How to *Actually* Care for Your Favorite Pieces of Clothing

The ladies from The Laundress dish on luxury laundering and their growing empire.

the laundress co-founders
Some could say that Gwen Whiting and Lindsey Boyd were destined to work together from the moment they met. Introduced by a mutual friend while both studying at Cornell University (Whiting in textile science and apparel design, and Boyd apparel and textile management), they became fast friends. Upon graduating they set out (armed with matching outfits and haircuts) to find jobs in New York City. After respectively landing in the home division at Ralph Lauren and in ready-to-wear at CHANEL, the soon-to-be partners ran into an interesting problem.

As Boyd puts it, “We amassed these amazing wardrobes from our fashion jobs at CHANEL and Ralph Lauren (cable-knit cashmere sweaters, tweed blazers, dress suits, silk blouses, etc.) and [had] no way to care for them other than dry-cleaning. We pretty much lost count of everything dry cleaners ruined, and don’t even get us started on the insane weekly expense! There was an obvious void in the marketplace, and at home it was not much better; we had dingy white t-shirts, faded denim, and prematurely worn pieces, thanks to one-size-fits-all laundry products.” Thanks to their education, the women knew that 90 percent of their clothes that were labeled “dry clean only” could actually be washed at home if done correctly . So they decided to launch The Laundress, a line of at-home, eco-friendly laundry solutions. Ahead, a few of their most surreal moments and fabric-care tips.

the laundress co-founders
On starting with a mission:

“When you send something to the dry cleaner, [it comes back] loaded with chemicals. We wanted to develop a way to effectively clean and extend the longevity of our clothing without involving this toxic process. We decided to create products specific to the fabric and create solutions for the most common problems, like yellow pit stains on our favorite white shirts (we’ve all got them). [Its] something no one else was doing or focusing on.”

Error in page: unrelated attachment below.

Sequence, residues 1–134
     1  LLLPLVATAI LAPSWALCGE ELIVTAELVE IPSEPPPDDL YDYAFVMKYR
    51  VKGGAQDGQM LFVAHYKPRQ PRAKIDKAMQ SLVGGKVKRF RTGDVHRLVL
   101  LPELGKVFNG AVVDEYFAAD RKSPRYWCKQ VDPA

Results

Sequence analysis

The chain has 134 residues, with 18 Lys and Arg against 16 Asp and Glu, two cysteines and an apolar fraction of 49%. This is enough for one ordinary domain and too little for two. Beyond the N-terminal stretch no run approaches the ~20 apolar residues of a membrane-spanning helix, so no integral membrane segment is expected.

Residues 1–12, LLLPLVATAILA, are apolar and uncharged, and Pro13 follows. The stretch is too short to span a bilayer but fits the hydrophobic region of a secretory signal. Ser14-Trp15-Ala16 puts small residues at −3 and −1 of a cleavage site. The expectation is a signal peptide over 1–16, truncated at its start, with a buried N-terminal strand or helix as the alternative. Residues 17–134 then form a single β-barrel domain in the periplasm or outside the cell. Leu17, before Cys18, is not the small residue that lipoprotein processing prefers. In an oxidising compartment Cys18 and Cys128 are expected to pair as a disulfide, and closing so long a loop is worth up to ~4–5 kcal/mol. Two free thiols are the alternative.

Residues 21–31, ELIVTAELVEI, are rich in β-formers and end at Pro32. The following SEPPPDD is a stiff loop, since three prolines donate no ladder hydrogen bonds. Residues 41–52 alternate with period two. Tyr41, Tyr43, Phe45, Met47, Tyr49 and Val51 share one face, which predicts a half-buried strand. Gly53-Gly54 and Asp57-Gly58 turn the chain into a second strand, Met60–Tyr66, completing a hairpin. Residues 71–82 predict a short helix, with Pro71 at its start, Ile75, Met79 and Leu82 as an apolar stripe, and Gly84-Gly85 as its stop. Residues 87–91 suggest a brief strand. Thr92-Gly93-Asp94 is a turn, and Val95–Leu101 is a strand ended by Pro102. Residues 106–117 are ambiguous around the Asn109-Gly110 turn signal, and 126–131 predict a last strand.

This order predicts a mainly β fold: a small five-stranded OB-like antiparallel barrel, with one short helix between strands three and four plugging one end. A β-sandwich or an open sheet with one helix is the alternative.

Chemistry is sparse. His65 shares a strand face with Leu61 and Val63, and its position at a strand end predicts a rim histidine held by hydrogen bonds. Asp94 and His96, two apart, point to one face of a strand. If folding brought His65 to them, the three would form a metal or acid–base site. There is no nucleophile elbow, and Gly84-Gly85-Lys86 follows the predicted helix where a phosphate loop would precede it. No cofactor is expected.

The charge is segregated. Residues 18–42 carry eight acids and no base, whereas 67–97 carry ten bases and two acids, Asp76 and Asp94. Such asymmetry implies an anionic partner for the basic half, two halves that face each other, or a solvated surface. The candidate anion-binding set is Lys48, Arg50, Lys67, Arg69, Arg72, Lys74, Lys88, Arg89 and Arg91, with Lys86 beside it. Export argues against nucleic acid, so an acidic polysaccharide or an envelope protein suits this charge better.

On being eco-friendly:

“When we were first starting our business, we tapped our Cornell professor and mentor, Kay Obendorf, for help. Through our research, we found that plant-derived raw materials worked better than petroleum-derived cleaners, but they were not [being] used because they were more expensive. So, while we started with a sustainability mission of eliminating the need for dry-cleaning, we ended up creating an eco-friendly and biodegradable range of products that elevated the standard for home and fabric care!”

Their first pinch-me moments:

Lindsey Boyd: “My pinch-me moment was our most recent Out of Home campaign, Our Beautiful Messes, featuring fashion icon Iris Apfel, Lucy Liu, Padma Lakshmi, [and] Oliver Hudson. This is something that I have been dreaming up for a long time. Having the talent enthusiastically say ‘yes!’ and participate without hesitation was super cool. Seeing life-size versions of our products on billboards and subway ads definitely topped the charts for me.”

Gwen Whiting: “The most exciting ‘this is really happening’ moment was our first New York Times Style Section story. To be in the Times was ‘it,’ and this moment solidified and validated The Laundress was real! However, it was extremely uncomfortable when I went to work at Ralph Lauren the next day and got called out on it in a meeting…”

the laundress co-founders
Their coveted laundry tips:

GW: “Hand-wash, always pre-treat stains, and most of all, love laundry! When you properly clean and preserve your investments, this will not only extend the life of your favorite belongings, but also reduce water, energy, and landfill waste. It is so easy, quick, and the best way to care for so many items. I also like saving time by washing loads in rotation—all the jeans, bunches of sweaters, all the bras, etc.”

LB: “Take sheets and bedding out of the dryer before the cycle is done to avoid excess wrinkles. It’s easier to iron, and sometimes you won’t have to if you can fold them while theyre still hot. Also, invest in a good drying rack and line-dry whenever you can! The dryer is very harsh on the fabrics and color of your clothing. In fact, most fading occurs in the dryer, not the washer.”

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